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The subtitle of Payne's excellent biography presents the central contradiction upon which studies of Wister's impact on popular culture have focused. Although Wister created a substantial body of fiction and political writings, his reputation rests almost solely upon the phenomenal success of The Virginian (1902), the novel that made the Western cowboy hero into a crucial American archetype. Yet in many respects Wister is an unlikely subject for such fame: despite his early attraction to the West as panacea, he remained an Easterner of genteel and conservative convictions.
Ironically, when Wister first descended from the train in Wyoming (July, 1885), he was a man seeking a cure (for what Payne, lacking a better word, calls "neurasthenia"). At twenty-five, he was a Harvard graduate disappointed in his hopes for a career in music, a victim of his father's rigid traditionalism, and a "gentleman" in manners and tastes. What Wister made of his frequent visits to the West seems a curious combination of filial disaffection, illness, restlessness—and sudden discovery of the West as human, cultural, and mythic possibility. [End Page 262]
Payne's account of "the American Kipling" is a work of biography, not of literary criticism, and its chief contribution is its careful documentation of a Wister few people know. Payne shows Wister's aspirations (pretensions?) to greatness and his connections with other writers of his day, including Henry James, who initially found Wister "light and slight, both in character and in talent." William Dean Howells became a friend, despite Howells' "leftist" politics and his early advice to the young writer to refrain from submitting his first novel for publication. Characteristically, and with considerable heat, Wister deplored the work of Hamlin Garland and Upton Sinclair; perhaps less characteristically, he later admired the work of the young Ernest Hemingway.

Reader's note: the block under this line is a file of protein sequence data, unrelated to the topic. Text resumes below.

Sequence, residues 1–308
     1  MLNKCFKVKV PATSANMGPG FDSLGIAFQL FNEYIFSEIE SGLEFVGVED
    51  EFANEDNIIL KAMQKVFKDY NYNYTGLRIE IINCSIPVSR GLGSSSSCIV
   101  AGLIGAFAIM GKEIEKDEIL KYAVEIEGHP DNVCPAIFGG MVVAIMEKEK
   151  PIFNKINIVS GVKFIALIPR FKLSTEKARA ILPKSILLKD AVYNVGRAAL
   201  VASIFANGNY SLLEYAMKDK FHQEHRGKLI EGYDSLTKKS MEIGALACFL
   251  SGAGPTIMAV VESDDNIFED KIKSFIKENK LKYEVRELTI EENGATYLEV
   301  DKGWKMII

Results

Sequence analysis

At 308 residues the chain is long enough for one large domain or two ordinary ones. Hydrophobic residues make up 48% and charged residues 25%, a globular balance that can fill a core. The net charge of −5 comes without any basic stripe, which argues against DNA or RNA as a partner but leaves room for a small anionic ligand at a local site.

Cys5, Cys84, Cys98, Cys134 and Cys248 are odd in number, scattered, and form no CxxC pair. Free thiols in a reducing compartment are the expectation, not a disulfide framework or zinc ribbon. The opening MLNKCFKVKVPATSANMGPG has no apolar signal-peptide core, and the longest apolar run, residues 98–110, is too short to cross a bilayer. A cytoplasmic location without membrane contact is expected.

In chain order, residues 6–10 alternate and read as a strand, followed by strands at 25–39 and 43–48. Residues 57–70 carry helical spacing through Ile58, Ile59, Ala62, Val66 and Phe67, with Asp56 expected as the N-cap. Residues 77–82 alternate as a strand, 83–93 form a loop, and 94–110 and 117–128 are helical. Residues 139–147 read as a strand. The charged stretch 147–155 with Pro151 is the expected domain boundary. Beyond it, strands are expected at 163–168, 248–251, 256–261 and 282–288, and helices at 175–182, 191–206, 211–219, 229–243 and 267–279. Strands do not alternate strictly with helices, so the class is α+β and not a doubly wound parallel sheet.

As the twentieth century progressed, Wister found writing fiction more difficult, perhaps as a direct result of his increasing interest in political issues—as might be expected of a close friend to the powerful Theodore Roosevelt. Wister attempted to influence the public through a brief speaking career but was roundly defeated in his run for political office in Philadelphia. His political writings were sometimes misguided, as shown by the controversy following his vicious attack on Woodrow Wilson's neutrality in the war. Published racist and anti-Semitic comments furthered his decline and damaged his reputation as "the writer of The Virginian."
Viewing Wister as "an important American who happened to be a writer," Payne brings a good deal of sympathy—as well as careful research—to his subject. Although the book will hardly alter Wister's reputation, no doubt it will add fuel to the argument that The Virginian, written by an effete Easterner, got the Western novel off on the wrong track. Nevertheless, students of American culture will appreciate the sound scholarship that broadens our understanding of a man who for a historical moment summed up popular American aspirations.